Double Lantern Informatics is a boutique public health and clinical informatics consulting firm. “In informatics, you are between public health practitioners or clinicians and the information technology team,” Sprouse says. “This is a unique place to be, and you have the opportunity to affect real change.”

Sprouse credits her time at Rollins with changing the trajectory of her career. “It is not only the applied training that you receive at Rollins, but also the people who become a part of your life,” she says. “I count my professors among my strongest supporters and mentors. Many are entrepreneurs themselves and give willingly of their time and guidance.” 

For Sprouse, the community extends beyond her professors. She is back in the EMPH teaching intro to applied public health informatics and includes her colleagues and students among her circle of friends. She also treasures the relationships she has built while serving on the Rollins Alumni Board. She is in her third year and currently president-elect.

In 2017, when Sprouse started Double Lantern, she left her role as director of clinical informatics at Emory Healthcare. She had worked at Emory for years and loved her time there. “However, I wanted to work in both clinical and public health informatics and see what I could do with my one crazy life,” Sprouse says. “I have been fortunate to also be supported by my colleagues at Emory Healthcare and still be able to work on fulfilling projects in this capacity.”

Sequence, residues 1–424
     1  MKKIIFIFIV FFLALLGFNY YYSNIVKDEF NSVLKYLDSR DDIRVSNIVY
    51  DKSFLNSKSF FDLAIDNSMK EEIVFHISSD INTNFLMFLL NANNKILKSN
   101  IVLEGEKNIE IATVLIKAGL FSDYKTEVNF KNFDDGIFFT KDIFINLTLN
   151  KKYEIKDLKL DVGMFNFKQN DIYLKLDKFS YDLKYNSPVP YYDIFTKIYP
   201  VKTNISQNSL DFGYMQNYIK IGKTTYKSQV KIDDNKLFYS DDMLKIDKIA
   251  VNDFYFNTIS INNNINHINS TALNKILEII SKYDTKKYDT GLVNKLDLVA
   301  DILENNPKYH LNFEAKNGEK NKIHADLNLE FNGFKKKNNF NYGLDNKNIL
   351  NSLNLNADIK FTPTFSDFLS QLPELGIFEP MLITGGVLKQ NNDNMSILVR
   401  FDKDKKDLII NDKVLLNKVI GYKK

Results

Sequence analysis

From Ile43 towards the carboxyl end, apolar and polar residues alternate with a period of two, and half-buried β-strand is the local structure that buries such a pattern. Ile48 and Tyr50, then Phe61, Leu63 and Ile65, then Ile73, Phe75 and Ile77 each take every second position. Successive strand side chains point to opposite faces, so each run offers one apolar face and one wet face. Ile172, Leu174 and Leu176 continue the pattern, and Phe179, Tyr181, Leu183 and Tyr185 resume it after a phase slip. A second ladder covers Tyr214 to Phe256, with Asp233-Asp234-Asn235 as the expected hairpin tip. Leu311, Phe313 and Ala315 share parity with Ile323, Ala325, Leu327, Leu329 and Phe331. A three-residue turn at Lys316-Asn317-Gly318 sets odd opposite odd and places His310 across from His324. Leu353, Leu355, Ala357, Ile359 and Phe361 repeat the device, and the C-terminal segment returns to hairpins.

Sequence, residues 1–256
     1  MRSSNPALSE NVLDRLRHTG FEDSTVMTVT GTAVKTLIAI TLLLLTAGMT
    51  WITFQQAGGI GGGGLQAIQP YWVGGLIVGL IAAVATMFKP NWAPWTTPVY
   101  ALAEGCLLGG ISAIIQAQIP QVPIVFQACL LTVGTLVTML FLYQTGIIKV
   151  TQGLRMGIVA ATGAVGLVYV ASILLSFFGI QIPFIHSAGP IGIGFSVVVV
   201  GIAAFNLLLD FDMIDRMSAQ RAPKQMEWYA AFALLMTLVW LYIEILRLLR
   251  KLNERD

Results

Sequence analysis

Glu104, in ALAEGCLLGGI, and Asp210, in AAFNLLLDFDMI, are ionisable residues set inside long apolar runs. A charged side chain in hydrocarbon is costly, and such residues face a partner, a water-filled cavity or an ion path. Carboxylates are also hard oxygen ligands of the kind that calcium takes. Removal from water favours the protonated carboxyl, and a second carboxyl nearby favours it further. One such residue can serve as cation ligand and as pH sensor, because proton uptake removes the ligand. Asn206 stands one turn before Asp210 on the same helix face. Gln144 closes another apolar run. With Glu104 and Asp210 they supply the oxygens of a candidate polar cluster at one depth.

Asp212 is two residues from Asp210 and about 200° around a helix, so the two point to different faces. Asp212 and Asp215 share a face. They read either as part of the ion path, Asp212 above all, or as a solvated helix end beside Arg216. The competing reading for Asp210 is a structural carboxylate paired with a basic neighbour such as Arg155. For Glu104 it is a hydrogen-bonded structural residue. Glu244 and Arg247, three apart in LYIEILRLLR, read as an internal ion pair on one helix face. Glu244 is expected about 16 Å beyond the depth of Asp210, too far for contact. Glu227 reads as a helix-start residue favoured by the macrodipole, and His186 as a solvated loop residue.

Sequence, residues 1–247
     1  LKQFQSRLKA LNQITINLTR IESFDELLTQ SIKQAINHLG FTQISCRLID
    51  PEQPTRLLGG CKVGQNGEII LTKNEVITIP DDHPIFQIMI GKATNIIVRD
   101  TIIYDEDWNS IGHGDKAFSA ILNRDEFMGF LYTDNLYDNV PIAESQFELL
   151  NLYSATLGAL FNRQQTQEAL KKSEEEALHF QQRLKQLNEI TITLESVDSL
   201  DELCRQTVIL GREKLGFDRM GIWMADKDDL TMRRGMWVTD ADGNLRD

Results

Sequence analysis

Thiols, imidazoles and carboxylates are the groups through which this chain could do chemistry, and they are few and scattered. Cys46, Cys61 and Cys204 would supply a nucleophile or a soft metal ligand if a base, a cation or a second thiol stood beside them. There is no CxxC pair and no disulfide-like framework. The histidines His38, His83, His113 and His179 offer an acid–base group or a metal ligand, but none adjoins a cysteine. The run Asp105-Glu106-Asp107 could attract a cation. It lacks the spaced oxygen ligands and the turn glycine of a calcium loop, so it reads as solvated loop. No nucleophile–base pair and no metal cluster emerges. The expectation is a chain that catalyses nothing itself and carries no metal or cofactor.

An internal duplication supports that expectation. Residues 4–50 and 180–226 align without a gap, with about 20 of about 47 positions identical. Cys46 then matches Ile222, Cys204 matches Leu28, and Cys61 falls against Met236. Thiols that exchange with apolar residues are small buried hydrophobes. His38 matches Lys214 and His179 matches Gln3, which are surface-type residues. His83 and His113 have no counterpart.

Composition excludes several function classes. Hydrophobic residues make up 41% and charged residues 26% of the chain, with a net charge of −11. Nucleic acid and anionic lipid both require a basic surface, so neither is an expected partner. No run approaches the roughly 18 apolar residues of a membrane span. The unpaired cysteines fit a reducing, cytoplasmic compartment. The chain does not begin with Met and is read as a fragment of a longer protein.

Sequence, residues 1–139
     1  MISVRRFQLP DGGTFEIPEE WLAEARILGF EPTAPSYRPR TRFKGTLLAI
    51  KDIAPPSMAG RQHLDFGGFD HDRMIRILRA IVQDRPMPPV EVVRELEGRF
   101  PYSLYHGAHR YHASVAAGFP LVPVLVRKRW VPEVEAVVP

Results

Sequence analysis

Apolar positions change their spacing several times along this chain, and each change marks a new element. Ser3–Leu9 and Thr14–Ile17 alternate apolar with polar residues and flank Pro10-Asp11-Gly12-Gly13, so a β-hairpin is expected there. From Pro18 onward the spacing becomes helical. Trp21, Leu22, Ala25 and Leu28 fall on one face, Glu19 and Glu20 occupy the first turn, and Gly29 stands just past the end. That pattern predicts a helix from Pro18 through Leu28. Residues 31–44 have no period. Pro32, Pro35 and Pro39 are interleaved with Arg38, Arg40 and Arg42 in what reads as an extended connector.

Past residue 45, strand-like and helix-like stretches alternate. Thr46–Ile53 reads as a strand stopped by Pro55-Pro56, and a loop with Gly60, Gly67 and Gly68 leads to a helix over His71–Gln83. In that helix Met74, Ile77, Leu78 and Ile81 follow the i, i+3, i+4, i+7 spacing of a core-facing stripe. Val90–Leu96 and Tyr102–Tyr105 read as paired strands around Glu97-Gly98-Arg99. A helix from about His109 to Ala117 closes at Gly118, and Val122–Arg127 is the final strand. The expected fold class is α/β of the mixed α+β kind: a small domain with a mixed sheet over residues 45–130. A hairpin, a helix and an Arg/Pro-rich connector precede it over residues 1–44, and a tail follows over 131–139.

One of Sprouse’s favorite projects at Emory Healthcare has been partnering with them to establish a program for enabling the use of the FHIR (Fast Healthcare Interoperability Resources®) data standard to advance care, improve the user interface of legacy systems, and support innovation, while also being intentional and protecting sensitive data. 

“For me, there is always a member of the Emory community ready to give me a boost over any hurdle I encounter,” Sprouse says. “I try to do the same for others. Going to Rollins was one of the best things I ever did for myself. Starting Double Lantern has been a close second. Mark and Dewey were right—it is a lot of fun.”

Story by Martha McKenzie
Designed by Linda Dobson 
Illustration by Pietari Posti

an illustration of an abstract road map.